The city and county both have the ability to inspect properties for lead, but their approach has been largely reactive: They mostly responded to complaints, rather than taking the initiative to inspect units to determine if lead was present.
The city now plans a more proactive approach, in part due to the advocacy of Niagara District Council Member David Rivera and Fillmore District Council Member Mitch Nowakowski. A pair of amendments to the city’s ordinance will be particularly impactful, Nowakowski said.
Until now, inspectors did not have the authority to inspect the interiors of rental units for lead. The updated law gives them that power every three years.
“That’s the biggest key for me,” Nowakowski said.
The second amendment imposes new consequences for landlords whose properties fail inspection. They’re barred from renting the apartment if it’s vacant. If it’s occupied, they can’t evict the tenants for nonpayment of rent. The latter provision is an effort to stop landlords from retaliating against tenants who report concerns.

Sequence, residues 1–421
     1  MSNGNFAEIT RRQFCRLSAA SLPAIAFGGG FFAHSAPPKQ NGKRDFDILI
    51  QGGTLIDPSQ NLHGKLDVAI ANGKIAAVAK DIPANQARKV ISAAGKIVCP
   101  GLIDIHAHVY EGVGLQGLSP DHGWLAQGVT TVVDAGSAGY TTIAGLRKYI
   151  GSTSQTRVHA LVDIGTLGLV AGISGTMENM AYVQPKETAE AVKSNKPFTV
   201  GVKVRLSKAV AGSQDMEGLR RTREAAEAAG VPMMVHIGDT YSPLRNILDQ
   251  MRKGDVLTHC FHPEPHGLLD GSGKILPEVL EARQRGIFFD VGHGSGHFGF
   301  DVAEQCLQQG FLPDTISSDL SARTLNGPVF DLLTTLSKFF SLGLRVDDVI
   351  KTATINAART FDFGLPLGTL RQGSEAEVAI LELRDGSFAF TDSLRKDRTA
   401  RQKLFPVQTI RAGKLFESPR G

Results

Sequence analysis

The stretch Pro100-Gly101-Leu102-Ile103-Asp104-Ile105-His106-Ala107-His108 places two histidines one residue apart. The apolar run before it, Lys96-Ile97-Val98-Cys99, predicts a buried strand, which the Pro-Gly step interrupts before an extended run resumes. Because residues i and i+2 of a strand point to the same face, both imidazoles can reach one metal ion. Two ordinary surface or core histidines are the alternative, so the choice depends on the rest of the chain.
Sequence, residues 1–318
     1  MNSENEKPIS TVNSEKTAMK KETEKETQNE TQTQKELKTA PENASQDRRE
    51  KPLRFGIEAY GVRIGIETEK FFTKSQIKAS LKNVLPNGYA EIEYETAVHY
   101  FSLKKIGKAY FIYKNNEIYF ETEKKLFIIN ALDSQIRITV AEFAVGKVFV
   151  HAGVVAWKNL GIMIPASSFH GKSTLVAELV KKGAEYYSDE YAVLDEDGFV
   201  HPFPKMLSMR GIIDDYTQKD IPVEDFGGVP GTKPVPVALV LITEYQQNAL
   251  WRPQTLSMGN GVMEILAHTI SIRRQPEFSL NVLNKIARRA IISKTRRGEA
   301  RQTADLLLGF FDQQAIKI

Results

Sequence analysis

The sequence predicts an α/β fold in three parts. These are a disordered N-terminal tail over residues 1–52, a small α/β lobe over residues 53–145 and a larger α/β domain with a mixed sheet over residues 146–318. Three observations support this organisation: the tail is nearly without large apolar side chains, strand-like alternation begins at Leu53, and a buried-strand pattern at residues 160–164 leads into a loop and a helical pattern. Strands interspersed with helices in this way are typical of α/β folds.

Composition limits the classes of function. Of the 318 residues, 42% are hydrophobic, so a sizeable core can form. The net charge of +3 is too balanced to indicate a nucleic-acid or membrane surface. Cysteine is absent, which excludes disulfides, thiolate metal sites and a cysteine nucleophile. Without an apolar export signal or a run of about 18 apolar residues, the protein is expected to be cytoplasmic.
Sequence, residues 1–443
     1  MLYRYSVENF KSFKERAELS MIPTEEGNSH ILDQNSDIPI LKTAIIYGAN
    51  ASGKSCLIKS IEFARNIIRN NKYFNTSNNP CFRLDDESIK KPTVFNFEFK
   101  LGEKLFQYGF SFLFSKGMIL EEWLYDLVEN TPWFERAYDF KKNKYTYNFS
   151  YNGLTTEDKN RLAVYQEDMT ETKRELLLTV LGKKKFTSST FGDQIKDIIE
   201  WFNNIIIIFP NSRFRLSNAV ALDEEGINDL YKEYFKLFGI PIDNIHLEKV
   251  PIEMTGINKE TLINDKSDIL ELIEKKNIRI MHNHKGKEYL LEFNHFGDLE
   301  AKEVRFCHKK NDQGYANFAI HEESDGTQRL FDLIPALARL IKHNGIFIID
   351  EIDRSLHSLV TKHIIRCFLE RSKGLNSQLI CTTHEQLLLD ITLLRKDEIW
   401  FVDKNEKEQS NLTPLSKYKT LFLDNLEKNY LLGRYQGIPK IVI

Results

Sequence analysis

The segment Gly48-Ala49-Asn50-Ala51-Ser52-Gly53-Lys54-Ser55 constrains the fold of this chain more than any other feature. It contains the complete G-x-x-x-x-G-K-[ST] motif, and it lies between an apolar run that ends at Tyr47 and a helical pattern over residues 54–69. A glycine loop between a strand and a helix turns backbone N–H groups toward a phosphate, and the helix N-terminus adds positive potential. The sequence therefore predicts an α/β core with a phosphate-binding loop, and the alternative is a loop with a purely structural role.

“We want to empower our residents and tenants to be able to report lead problems,” Nowakowski said.
The amendments do not regulate owner-occupied units, though. That’s a concern for Matteliano, as it leaves out many rental units.
“That’s the piece I would like to see changed,” she said.
Nowakowski said owner-occupied units are a “separate issue” that will require its own approach. The first hurdle will be identifying the homes, which are not part of the city’s rental registry and not listed in any city database, he said.
Andrew McLellan, president of Environmental Education Associates Inc., who trains inspectors and others in how to identify and abate lead contamination, said there is room to strengthen rules regarding interior renovations.